Hospital Advocacy: Surgical Pain Management

Posted on June 3, 2014

VariousOver the past 2 weeks, I have witnessed extraordinarily poor pain management for patients after major surgeries.   Post-operative pain management is an important, but often undervalued, part of quality surgical care.  How many of us ask about the surgeons’ pain management plan when we’re considering a surgical procedure?

We have known for many years that surgical pain is often underestimated and undertreated.  Despite the fact that more attention has been paid to pain management in recent years, many patients continue to suffer with poorly managed surgical pain.

Recent reports estimate that 70% to 80% of surgical patients experience moderate, severe or extreme post-operative pain.

There are serious consequences when pain is poorly managed. In addition to the needless suffering of patients, the chances of respiratory and clotting complications are increased, as well as a longer hospital stay and development of chronic pain syndrome.

It’s important to know that it is your right to receive proper pain management after surgery. Hospitals have pain management standards to which they are held accountable. The standards require hospitals to:

  • recognize the right of patients to appropriate assessment and management of pain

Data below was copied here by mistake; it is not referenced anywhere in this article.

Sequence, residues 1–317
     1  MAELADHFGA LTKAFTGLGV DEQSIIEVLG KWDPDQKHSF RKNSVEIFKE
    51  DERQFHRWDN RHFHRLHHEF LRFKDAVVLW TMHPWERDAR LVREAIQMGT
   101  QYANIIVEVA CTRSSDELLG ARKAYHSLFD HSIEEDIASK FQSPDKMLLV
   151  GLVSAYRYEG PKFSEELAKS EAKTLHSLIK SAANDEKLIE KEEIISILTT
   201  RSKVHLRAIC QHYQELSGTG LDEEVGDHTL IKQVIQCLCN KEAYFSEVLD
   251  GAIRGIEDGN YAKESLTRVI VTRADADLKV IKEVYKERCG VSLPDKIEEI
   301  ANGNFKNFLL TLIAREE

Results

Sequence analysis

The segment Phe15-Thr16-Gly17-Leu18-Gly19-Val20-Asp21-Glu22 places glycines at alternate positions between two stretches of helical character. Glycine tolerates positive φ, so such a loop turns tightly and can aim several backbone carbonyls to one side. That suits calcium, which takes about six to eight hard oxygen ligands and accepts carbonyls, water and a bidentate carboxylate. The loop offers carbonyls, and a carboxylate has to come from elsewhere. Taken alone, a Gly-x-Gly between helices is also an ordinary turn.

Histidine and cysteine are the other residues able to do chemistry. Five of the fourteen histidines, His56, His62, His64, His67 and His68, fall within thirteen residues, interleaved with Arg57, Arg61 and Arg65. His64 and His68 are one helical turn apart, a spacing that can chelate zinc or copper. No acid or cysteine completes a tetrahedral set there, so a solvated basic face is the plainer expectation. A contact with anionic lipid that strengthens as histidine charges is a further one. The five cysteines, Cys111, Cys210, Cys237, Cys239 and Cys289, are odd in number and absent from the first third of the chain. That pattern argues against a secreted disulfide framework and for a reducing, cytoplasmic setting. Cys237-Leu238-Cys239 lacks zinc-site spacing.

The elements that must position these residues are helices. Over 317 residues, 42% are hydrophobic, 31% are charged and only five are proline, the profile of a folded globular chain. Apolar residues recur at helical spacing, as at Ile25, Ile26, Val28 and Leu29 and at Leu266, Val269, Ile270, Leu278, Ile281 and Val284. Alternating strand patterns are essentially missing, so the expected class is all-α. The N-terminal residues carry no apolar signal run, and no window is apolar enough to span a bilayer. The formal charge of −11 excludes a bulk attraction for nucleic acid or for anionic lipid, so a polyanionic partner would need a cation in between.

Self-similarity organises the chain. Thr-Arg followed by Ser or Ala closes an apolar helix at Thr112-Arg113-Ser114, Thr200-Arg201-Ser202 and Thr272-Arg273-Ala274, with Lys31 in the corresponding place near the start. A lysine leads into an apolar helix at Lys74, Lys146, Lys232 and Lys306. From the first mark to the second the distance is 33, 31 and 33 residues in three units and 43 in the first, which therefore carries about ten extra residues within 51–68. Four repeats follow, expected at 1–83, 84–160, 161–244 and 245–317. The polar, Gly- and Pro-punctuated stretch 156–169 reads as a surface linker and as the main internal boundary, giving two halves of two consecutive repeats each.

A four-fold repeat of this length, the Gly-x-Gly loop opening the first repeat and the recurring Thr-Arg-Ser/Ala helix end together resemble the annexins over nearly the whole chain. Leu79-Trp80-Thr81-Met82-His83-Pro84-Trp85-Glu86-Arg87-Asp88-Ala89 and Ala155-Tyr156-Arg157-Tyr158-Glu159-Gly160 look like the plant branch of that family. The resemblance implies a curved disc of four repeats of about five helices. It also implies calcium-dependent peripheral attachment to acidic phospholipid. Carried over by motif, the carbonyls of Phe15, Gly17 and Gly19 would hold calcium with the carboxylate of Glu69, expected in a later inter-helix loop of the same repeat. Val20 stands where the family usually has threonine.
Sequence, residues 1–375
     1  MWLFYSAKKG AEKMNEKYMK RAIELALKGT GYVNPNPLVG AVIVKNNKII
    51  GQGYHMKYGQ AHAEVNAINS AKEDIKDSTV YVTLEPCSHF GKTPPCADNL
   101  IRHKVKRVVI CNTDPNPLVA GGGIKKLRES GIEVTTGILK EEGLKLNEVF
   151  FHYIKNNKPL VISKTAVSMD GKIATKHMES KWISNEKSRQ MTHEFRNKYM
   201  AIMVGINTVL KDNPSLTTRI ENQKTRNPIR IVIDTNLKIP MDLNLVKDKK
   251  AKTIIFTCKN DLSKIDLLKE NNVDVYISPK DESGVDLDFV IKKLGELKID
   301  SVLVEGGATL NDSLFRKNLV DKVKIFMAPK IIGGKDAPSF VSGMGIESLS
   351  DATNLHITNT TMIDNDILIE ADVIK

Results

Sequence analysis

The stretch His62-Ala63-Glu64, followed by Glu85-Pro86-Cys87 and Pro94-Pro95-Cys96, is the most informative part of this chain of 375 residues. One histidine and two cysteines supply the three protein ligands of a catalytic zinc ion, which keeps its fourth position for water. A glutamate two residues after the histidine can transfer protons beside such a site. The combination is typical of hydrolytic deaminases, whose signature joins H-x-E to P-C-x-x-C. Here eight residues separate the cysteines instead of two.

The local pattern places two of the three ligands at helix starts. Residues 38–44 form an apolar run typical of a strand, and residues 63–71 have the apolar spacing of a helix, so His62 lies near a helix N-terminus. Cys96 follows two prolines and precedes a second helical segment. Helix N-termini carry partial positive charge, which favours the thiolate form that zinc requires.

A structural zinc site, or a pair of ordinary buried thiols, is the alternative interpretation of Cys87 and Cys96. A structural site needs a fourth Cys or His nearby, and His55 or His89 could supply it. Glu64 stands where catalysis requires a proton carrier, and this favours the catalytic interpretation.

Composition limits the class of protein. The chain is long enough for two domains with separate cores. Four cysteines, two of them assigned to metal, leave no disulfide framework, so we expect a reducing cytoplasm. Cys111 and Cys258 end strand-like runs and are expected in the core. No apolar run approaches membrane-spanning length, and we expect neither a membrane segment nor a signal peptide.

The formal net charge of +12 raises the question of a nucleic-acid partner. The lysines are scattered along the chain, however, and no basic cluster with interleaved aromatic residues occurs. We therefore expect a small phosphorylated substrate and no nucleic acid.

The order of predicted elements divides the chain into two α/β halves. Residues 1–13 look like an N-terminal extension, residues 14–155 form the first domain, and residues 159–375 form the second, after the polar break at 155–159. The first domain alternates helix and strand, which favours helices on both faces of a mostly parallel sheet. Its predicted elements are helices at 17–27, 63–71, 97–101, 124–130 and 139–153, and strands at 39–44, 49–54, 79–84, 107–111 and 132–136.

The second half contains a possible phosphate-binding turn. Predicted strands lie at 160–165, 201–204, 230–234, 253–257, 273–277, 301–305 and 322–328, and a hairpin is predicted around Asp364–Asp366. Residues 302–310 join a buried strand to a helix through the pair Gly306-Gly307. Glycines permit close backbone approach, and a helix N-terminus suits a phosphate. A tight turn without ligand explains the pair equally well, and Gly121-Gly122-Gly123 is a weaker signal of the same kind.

• screen patients for pain during their initial assessment and, when clinically required, during ongoing, periodic re-assessments
  • educate patients suffering from pain and their families about pain management


What can patients do to improve their pain management after surgery?

  • Before your surgery, have a discussion with your surgeon about pain control. Ask your doctor what to expect after the surgery and what is the surgical pain management plan.
  • Ask about the different options and methods of post-operative pain management and their benefits and side effects.
  • Tell your doctor about all pain medications that you are taking before surgery.
  • Share with your doctor any problems that you may have had with pain control after prior surgeries.
  • Ask how pain relief is monitored. By whom? How frequently? What is the plan if there is inadequate pain relief?
  • Often problems with pain control occur when patients are transitioned from IV PCA (patient controlled analgesia) to oral pain medications after surgery. Ask about your doctor’s transition plan. Is it tailored to your pain needs or does your doctor follow a specific protocol? Good coverage needs to be carefully planned during this transition.  All too often however, surgeons employ a “one size fits all” approach using the lowest dose of oral pain medications to start, which is arbitrarily used for all patients regardless of type of surgery, weight of the patient and previous pain medication use.

An individualized, evidence-based, post-operative pain management plan should be your surgeon’s routine practice. If you are not satisfied with your doctor’s responses to these questions, by all means get another opinion.  Pain management is really that important!